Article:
Defendants argue that the Honiron plan was mandatory and non-contributory. While it is undisputed that the plan was non-contributory at the time of termination, it was clearly contributory at its inception when all the plaintiffs joined the plan. Therefore, plaintiffs made contributions from 1964 to 1971. The plan, by its terms, speaks of participants, not all employees, and plaintiffs claim participation was voluntary while defendants claim it was mandatory. This disputed factual issue is crucial to determining whether the pension plan holdings were securities at the time of termination. The remaining issues in the securities claims-possible material misrepresentations in connection with the purchase or sale of a security, possible securities registration violations, untrue statements or omissions in describing the securities and possible fraudulent interstate transactions-all involve disputed factual issues.
Plaintiffs also allege that Wyatt violated Section 206 of the Investment Advisors Act of 1940, 15 U.S.C. § 80b-6 (1971), that prohibits certain types of transactions by investment advisors. Plaintiffs allege that Wyatt's advice to Ward violated this section and the issues are still in dispute.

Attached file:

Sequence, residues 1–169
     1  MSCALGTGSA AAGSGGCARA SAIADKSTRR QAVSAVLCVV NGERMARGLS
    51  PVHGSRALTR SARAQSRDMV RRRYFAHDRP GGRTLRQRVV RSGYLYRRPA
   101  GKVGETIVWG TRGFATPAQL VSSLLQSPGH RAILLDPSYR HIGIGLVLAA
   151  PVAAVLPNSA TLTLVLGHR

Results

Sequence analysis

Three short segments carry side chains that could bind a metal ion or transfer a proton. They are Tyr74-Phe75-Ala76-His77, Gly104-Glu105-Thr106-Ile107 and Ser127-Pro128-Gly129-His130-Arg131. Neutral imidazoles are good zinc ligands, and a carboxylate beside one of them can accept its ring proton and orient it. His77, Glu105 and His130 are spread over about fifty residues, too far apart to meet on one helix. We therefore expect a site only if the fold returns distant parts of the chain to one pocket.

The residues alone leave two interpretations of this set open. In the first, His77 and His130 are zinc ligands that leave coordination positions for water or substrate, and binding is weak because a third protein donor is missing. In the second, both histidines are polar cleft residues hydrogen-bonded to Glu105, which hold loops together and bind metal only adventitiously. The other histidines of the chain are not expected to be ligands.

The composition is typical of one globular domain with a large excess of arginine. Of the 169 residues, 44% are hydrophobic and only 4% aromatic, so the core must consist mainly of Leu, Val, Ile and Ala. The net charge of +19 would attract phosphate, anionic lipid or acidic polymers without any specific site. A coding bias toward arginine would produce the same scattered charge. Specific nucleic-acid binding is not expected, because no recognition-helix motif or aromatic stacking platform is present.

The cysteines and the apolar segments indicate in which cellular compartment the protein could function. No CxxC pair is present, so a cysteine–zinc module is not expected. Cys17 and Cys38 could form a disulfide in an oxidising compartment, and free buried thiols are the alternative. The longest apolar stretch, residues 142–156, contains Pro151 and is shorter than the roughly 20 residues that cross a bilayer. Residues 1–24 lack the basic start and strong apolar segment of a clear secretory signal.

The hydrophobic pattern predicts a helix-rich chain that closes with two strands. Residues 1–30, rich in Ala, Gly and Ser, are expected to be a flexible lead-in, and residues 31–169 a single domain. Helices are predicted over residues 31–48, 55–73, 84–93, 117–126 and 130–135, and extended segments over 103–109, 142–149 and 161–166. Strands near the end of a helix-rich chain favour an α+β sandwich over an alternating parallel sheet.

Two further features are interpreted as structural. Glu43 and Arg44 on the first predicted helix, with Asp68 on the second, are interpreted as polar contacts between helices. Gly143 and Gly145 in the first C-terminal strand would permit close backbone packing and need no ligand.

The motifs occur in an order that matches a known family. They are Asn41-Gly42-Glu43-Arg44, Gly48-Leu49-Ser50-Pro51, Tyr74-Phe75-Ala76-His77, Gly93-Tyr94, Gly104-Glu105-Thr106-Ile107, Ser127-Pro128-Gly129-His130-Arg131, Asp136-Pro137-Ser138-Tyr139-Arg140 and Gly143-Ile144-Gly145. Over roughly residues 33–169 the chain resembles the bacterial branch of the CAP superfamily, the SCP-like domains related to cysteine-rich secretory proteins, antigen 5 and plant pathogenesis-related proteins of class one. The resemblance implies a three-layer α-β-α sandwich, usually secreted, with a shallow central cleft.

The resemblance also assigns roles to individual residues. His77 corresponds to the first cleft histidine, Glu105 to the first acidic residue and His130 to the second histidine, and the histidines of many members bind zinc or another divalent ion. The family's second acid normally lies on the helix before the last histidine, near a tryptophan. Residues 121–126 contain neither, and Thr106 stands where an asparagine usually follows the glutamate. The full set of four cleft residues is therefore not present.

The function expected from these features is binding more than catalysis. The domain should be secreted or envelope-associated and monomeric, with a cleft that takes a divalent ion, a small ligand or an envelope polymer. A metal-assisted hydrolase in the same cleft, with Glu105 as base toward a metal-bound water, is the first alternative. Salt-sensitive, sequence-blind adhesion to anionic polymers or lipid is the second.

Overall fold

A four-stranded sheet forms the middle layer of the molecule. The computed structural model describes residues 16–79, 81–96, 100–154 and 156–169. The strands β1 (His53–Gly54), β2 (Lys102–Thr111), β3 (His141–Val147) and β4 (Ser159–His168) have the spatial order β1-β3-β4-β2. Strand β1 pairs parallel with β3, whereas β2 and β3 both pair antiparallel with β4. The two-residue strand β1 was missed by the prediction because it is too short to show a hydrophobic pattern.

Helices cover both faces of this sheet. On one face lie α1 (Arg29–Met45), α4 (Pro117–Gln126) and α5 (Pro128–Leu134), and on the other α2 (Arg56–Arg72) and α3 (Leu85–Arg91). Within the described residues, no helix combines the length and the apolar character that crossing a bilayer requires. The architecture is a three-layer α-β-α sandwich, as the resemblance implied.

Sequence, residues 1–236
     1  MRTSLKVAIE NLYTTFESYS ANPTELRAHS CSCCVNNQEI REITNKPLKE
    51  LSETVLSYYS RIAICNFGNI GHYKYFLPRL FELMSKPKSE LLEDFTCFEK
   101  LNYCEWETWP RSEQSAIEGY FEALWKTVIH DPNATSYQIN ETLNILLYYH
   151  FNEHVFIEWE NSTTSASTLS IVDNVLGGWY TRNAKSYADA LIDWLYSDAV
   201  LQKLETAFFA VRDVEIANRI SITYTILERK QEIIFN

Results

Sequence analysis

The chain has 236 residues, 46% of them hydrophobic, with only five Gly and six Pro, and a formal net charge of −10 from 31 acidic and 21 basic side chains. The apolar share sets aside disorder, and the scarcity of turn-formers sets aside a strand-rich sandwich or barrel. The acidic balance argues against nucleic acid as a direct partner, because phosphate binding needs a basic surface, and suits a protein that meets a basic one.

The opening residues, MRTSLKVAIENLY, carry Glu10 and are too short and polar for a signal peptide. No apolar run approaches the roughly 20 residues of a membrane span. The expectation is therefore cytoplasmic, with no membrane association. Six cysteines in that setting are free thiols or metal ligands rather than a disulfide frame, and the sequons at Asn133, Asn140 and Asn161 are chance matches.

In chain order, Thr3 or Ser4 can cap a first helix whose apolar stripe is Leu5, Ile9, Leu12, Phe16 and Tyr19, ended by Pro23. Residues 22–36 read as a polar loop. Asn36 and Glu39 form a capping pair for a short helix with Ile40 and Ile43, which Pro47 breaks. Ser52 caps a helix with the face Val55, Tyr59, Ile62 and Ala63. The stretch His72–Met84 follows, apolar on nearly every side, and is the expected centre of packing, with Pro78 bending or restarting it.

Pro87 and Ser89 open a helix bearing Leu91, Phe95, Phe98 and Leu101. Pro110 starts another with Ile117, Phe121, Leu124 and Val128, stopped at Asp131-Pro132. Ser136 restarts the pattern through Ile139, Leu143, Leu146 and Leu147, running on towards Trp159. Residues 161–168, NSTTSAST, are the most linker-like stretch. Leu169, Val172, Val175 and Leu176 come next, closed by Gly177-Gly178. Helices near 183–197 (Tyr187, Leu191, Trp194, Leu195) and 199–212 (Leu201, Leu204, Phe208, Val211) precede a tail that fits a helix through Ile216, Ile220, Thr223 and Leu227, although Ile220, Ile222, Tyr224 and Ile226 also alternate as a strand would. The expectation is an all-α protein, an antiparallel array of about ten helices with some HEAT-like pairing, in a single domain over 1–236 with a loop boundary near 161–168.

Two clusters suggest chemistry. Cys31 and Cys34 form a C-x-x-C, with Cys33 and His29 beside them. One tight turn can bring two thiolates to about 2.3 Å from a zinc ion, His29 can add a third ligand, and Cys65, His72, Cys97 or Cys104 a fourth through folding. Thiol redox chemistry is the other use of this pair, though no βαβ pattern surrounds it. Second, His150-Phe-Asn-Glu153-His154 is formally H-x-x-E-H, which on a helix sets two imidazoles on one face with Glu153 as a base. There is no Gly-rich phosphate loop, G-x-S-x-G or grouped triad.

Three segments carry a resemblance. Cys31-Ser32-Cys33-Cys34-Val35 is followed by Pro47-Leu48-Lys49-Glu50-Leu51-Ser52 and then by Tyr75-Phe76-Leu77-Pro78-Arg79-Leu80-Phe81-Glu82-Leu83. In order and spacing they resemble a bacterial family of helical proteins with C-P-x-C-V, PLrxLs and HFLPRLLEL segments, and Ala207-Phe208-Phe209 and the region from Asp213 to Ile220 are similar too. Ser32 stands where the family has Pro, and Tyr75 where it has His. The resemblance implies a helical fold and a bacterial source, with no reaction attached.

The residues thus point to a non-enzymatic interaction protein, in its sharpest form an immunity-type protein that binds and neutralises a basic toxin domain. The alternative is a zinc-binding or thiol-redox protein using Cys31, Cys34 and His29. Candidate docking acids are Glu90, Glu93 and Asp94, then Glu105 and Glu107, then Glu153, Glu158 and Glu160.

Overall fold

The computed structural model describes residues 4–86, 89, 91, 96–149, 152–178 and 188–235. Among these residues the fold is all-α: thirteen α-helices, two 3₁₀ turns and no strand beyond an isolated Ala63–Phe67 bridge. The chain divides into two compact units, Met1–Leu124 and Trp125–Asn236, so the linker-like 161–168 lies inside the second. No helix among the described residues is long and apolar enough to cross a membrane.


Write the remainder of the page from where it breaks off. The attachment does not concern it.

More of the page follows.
5. State Securities Claims
Plaintiffs allege violations of Hawaii Rev.Stat. § 485-25 (1976) (fraudulent and other prohibited practices in connection with the offer, sale or purchase of any security) and Hawaii Rev.Stat. § 485-8 (1976) (violation of securities registration requirements). As under the federal securities laws, plaintiffs must show that their interests are securities. The Supreme Court of Hawaii rejected the Howey test in State v. Hawaii Market Center, Inc., 52 Haw. 642, 485 P.2d 105 (1971), and devised its own four-part analysis. The Court held that, for purposes of the state securities laws, an investment contract is created whenever:
(1) an offeree furnishes initial value to an offeror, and
(2) a portion of this initial value is subjected to the risks of the enterprise, and
(3) the furnishing of the initial value is induced by the offeror's promises or representations which give rise to a reasonable understanding that a valuable benefit of some kind, over and above the initial value, will accrue to the offeree as a result of the operation of the enterprise, and
*836 (4) the offeree does not receive the right to exercise practical and actual control over the managerial decisions of the enterprise.
Id. at 649, 485 P.2d 105.